Missouri Attorney General Chris Koster has taken aim at the EPA disaster called WOTUS (see story below).  Koster has taken aim at EPA's newest disaster, called the EPA 'Clean Power Plan' (see story below).  But last week, Koster took aim at much less treacherous adversaries . . . he took aim at sporting clays.

Koster joined MO-AG members at the membership apperception event that took place on October 7th near Boonville, MO.  Members had a beautiful Missouri fall day to enjoy their choice of either golf or sporting clays.  After the event, a BBQ and reception was held with Koster as the guest of honor.  During the reception, Koster, who is currently unopposed for the democratic nomination for Governor, told MO-AG members that agriculture should be a top priority and provided specific examples of how he would make that happen.

WOTUS Update
Lawsuits against EPA's WOTUS (Waters of the U.S.) have been filed throughout the country in district courts and in courts of appeals.  Missouri Attorney General Chris Koster filed, along with 13 other states, in the district court of North Dakota and that court issued an injunction that stays the rule in the 13 States.  Currently a judicial panel is deciding if the district court cases should be consolidated in DC or kept as separate cases in multiple courts around the U.S.  Also, all of the court of appeals cases have been consolidated in the Sixth Circuit, in Cincinnati.  That Sixth Circuit Court has issued a stay nationwide which means EPA's implementation of the WOTUS rule is paused pending further legal review.  Absent an appeal by EPA, it is expected that EPA will issue a notice indicating that for now the old rules defining WOTUS are in effect nationwide.

But is the stay all good news?  Some see the stay as a two-edged sword.  First, the Court did not actually decide whether it has jurisdiction of the case.   If the Court ultimately decides that it doesn't have jurisdiction, as some opponents of WOTUS are wanting, then it would seem that its nationwide stay would be dissolved.  If, on the other hand, EPA wins on jurisdiction, and the Court keeps the case, then the stay remains in effect.

In deciding to issue the stay, the Court did express serious doubt as to whether EPA acted legally in issuing the WOTUS rule.  The Court was particularly concerned about the distance-based limitations in the rule, indicating doubt as to whether those aspects of the rule had sufficient scientific support, and questioning whether EPA had followed required procedures in including those limitations in the final rule, when they had not been present in the proposed rule that was issued for comment.  Based on those concerns, the Court held that the State and non-State challengers "have met their burden of showing a substantial probability of success on the merits."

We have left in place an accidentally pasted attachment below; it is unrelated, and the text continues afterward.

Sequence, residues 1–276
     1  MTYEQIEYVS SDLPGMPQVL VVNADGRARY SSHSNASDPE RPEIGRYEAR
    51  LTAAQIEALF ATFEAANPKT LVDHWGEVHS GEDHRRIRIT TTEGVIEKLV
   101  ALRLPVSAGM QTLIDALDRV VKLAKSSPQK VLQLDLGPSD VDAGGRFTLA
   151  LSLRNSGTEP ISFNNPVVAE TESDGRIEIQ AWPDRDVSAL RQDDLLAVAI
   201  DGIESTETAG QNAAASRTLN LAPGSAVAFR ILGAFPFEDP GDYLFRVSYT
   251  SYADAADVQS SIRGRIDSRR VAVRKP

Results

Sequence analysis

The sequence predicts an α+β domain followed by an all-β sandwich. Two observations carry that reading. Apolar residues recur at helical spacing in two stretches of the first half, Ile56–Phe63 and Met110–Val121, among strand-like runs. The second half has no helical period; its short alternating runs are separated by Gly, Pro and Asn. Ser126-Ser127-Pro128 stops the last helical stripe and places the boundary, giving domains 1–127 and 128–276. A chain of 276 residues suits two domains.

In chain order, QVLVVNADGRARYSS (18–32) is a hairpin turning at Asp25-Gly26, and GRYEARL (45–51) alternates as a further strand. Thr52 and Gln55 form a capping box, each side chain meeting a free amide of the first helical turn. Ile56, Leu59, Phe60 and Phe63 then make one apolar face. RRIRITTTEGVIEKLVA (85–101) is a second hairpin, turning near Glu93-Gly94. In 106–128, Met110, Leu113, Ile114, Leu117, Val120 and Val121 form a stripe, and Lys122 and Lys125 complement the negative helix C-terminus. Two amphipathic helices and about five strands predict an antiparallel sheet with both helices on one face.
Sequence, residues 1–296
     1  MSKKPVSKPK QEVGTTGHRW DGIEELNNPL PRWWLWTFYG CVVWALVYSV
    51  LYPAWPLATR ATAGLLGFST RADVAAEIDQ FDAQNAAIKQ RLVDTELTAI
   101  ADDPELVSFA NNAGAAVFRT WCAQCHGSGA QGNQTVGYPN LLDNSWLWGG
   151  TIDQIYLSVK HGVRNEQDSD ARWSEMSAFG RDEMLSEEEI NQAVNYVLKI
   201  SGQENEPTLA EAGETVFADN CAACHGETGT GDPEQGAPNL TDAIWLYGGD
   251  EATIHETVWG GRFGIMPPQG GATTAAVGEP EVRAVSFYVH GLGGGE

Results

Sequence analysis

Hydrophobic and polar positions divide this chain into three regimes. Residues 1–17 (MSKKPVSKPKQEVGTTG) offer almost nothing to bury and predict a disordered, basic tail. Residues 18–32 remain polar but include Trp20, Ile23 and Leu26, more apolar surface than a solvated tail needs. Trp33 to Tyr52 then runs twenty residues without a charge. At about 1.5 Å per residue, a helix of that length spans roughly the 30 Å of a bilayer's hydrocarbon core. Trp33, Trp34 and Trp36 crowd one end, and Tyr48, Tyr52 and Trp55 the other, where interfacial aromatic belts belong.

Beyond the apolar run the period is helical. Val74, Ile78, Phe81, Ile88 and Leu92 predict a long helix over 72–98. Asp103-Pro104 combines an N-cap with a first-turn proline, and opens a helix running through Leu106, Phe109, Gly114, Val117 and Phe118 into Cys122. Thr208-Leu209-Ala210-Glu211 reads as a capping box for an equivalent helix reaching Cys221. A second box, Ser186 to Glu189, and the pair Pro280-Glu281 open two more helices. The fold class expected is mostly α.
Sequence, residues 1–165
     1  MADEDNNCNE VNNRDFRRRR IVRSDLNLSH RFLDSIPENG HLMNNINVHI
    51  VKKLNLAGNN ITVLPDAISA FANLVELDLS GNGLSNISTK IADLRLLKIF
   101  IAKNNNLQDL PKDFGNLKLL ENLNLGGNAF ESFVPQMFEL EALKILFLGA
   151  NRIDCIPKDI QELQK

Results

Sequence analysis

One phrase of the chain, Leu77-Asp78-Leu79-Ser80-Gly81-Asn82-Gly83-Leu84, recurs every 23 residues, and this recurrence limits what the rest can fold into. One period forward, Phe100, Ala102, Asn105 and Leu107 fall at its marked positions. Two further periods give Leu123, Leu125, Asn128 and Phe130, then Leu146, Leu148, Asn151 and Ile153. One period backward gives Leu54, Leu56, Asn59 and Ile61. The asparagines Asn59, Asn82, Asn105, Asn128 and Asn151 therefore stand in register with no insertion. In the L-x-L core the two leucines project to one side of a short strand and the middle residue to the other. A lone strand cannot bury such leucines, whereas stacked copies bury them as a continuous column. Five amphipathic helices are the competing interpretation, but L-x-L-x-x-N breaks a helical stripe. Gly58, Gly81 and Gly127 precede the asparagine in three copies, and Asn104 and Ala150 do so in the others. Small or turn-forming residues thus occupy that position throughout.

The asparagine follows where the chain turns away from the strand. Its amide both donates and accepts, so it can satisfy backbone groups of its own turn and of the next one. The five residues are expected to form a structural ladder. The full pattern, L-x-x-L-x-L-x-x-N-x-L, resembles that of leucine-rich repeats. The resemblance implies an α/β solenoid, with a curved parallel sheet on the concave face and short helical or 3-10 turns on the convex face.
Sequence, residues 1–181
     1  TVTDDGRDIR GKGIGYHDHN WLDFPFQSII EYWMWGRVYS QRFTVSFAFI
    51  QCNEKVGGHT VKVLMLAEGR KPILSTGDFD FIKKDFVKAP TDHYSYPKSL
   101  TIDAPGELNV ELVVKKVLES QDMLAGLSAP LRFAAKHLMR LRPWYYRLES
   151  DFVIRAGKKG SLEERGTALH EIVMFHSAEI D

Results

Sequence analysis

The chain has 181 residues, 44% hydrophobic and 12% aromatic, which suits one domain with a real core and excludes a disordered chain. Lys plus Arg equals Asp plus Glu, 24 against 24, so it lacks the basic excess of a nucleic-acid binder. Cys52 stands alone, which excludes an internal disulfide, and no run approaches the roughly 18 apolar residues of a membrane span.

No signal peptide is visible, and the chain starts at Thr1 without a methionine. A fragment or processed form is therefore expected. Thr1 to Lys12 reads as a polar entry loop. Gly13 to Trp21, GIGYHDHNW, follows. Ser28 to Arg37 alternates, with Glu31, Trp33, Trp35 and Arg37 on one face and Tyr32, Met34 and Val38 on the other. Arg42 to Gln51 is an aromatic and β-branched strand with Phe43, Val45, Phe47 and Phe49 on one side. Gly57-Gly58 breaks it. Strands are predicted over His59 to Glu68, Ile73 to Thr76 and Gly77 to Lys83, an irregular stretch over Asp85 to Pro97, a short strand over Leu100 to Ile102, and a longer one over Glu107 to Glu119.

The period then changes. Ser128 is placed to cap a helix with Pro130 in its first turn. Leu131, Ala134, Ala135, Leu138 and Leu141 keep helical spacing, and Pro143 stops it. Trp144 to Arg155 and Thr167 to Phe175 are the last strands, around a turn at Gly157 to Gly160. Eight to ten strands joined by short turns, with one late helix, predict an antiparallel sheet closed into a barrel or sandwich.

MO-AG again thanks Attorney General Chris Koster for his leadership on this issue.

Rail Shutdown Looming
MO-AG joined with many of its state counterparts and national affiliates in signing onto two separate letters asking Congress for action in order to avoid a shut-down of the nation's rail system.  In a letter to all members, the agricultural groups asks Congress to "enact legislation that would extend the current Dec. 31, 2015 deadline by which Class I rail carriers are to develop, test and implement Positive Train Control (PTC) on their rail networks."  The letter states that the agricultural groups "are deeply concerned that failure to extend the current deadline for installation and implementation of PTC technology may well have disruptive ripple effects on the rail transportation network as a whole, resulting in severe service disruptions and inefficiencies in moving a projected near-record harvest during the peak fall shipping season."  To view this letter, CLICK HERE.

MO-AG also joined with other groups on a separate letter to the House Committee on Transportation and Infrastructure.  This letter describes how  "a service stoppage would also force fertilizer manufacturers to curtail or cease production. Manufacturers have only limited storage capacity at their facilities, and therefore must ship anhydrous ammonia and other products year-round to continue production and work within the capacity constraints of the transportation network.  Without access to rail transportation, on-site storage would quickly reach capacity."  To view this letter, CLICK HERE

Some feel that any legislation moving forward will most likely be a combination of H.R. 3651 and the Senate-passed PTC language that was included in the Senate's Highway bill.  However, with issues ranging to election of a Speaker of the House, & House leadership to increasing the debt limit and funding the government all on the agenda now, it is hard for Congress to focus on moving legislation.  Stay tuned to MO-AG for updates.

Update on PSM & Anhydrous Ammonia
As stated in previous MO-AG minutes, OSHA's decision to require Process Safety Management (PSM) for facilities that handle anhydrous ammonia will have a major impact on those facilities.  To prepare for PSM, MO-AG has suggested members avail themselves to information from Asmark (CLICK HERE).   Asmark is launching the new MyPSM+RMP Suite of Guidance Materials as well as launching "MyPSM+RMP  Workshops:  A to Z."  MO-AG will be providing more information on Asmark activities soon.

The Agricultural Retailers Association (ARA) recently hosted a webinar on PSM.  The webinar was led by OSHA Safety Engineer Jeff Wanko.  Wanko joined OSHA in 2011 and is now in OSHA's Directorate of Enforcement in Washington, D.C.  In the webinar, Wanko provided an overview of the basic steps retailers must take in order to be in compliance.  Wanko will also be participating in the ARA Convention (CLICK HERE)  Below is the OSHA PSM process encapsulated in one slide from the webinar.

The slide shows 'The Process' (PSM) is at the center of all the activity.  For a complete copy of the slideshow, CLICK HERE.  To see a copy of the Q&As after the webinar, CLICK HERE.

Mr. Wanko suggested ag retailers utilize the OSHA Compliance Assistance Program.  In Missouri, that program is ran through the Missouri Dept of Labor & Industrial Relations (MDLIR).  The MDLIR website can be found HERE or by phone at 573-751-3721.